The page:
An Interview with Damian Erskine
A: Wow. I could likely write another book with an honest answer to that question! In some ways, I feel like I’ve come quite far but, in most respects, I feel like I’m just now beginning to understand what my role in music is. Knowing my personality, I’ll likely always feel like I’m just now finally getting somewhere on the instrument and within music. I do know what I want to sound like, which is key, and I’ve also come to understand my voice on the instrument. In the bigger picture, I just look forward to seeing how far I can go before time runs out, and where it leads me.
The chops come with hours spent on the instrument via muscle memory, especially if you are focusing on challenging music and rhythms, like I did. I tell most of my students to never play anything faster than they can play cleanly. When practicing, focusing on playing things cleanly, articulately, slowly and controlled builds proper muscle memory. Long story, short? Focus on tone and feel. Be a great bass player before you worry about being anything else on the instrument.
A: Pete and I met while he was still living in Dallas. I was passing through on a tour with Tony Furtado and was lucky enough to meet Pete and I got to try a few of his basses. The most interesting part of that story is that Pete asked to play the bass I was playing at the time, which was a Zon 4 or 6 string. I can’t remember which bass I had on that tour. While Pete and I kept in touch, we didn’t talk too much about a build until a few years later when I realized that I really wanted to go back to wooden necks for my 6 string bass. I never liked the C string on a graphite neck. It was just a little too brittle for my ears. Pete actually remembered an incredible amount about how I had my bass set up and totally understood what I was talking about when we spoke of what I was, and wasn’t, getting out of the bass. He then sent me one extra bass he had laying around just to get my input on what I would change, which I thought was pretty amazing in its own right! The best part was when I told him what I liked and what wasn’t quite right for me, he married that with what he knew of my other basses and got to work on my first custom built Skjold. He absolutely knocked it out of the park.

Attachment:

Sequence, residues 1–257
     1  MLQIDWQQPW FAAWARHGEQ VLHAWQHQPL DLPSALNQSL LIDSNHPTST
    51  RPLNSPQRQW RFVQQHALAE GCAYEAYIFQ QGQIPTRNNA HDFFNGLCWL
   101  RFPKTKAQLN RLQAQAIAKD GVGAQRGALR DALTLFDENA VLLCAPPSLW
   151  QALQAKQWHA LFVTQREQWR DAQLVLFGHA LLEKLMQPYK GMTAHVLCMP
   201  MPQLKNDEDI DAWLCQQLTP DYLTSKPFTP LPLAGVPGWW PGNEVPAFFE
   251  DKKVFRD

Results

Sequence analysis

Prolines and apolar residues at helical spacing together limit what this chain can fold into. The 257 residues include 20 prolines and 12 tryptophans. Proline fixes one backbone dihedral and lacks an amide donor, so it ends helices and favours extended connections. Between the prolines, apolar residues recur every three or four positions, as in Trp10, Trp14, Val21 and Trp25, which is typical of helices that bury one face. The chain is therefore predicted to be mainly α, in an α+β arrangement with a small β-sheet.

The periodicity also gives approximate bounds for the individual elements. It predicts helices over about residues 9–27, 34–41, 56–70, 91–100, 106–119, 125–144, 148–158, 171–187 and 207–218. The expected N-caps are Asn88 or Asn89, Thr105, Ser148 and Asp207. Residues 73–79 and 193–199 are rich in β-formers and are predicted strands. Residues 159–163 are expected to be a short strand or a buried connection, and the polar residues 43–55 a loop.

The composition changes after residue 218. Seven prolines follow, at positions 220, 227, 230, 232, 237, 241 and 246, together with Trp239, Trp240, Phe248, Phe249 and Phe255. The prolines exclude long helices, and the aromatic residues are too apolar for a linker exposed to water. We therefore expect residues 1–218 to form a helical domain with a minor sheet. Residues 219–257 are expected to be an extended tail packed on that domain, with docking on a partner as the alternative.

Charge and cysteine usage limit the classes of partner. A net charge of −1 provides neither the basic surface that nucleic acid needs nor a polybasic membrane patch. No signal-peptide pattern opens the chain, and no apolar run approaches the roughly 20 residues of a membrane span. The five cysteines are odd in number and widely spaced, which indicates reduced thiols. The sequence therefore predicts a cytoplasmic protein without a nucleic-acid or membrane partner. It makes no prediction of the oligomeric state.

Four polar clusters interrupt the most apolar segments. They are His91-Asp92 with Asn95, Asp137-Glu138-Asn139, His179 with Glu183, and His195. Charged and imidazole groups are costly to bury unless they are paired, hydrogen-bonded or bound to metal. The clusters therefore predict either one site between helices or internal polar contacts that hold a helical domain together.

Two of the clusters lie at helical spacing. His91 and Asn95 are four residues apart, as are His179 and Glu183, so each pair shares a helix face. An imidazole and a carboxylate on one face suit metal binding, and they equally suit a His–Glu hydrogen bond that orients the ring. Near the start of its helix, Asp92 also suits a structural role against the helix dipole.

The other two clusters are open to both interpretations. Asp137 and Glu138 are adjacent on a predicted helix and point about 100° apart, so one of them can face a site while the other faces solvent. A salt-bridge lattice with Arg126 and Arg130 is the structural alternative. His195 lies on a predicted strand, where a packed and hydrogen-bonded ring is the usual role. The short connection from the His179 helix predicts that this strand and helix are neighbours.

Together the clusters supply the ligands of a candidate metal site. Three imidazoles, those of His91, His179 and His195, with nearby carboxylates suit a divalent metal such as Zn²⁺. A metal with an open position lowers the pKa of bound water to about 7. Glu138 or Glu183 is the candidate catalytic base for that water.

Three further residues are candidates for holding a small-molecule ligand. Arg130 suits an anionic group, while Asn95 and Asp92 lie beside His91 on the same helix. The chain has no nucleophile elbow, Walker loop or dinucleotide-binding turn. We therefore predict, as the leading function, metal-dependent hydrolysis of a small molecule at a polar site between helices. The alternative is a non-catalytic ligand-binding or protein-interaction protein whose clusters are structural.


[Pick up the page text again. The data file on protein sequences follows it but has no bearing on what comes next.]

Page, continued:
The thing that I find unique about Pete is his ability to really hone in on exactly what a player wants. Not only that, he understands my very-NON-technical descriptions of what sound I want, how I want it to feel and, because he is a player himself, is able to translate that into a tactile and aural representation of what it is I meant in his instruments. He can turn my, “I want it to sound like chocolate, but defined, not brittle… but defined, punchy, but not to much burp” type descriptions and absolutely nail the sound. Combining that with the fact that he remembered how I like my bass to feel and was so willing to work with me on some things that I had on my wishlist for the body and just nailed it on the first try. I was sold. Every instrument since has been the perfect manifestation of what we set out to do with it. He’s pretty spectacular and very attentive to the needs of the player. He’s not just trying to make basses and move product. He’s trying to make your dream bass and he’s very, very good at what he does.
A: I may have answered much of this already but it’s his attention to detail and the function of the instrument as it relates to the players needs. Every Skjold bass I own feels like the best bass of its kind that I’ve tried, the best 4 string, the best 6 string, and so on. He’s given me everything I wanted in the function of the body, such as easy access to the upper register of the fretboard, a lower bout that sits the bass well and in a good position on my leg while also balancing perfectly, and a slim neck that is also stable. He’s also given me everything I wanted sonically, a 6 string that sounds even from top to bottom, and a four string that growls and articulates just so. He just builds me what I want and what I need. Every time, and without fail.
Q: I really like the idea of an album being able to be labeled as belonging to any of the featured players and it would still make sense. Great concept. As a final note, we know the catacomb option largely exists because of the close collaboration between you and Pete. Is there a possibility of any future innovations between you two in store for the future?
The Catacomb, I’m excited about because I’m already floored by my Catacomb 6 string, which was Pete’s first attempt at such an instrument. It blows me away, so when he tells me that he’s improved upon it greatly, I can’t even imagine it. I’ll just have to wait and hear for myself!
Q: All of it sounds great. Thanks for your time Damian!
A: Thanks for having me!
Visit Damian Erskine at www.damianerskine.com
Interview conducted by Jared Morante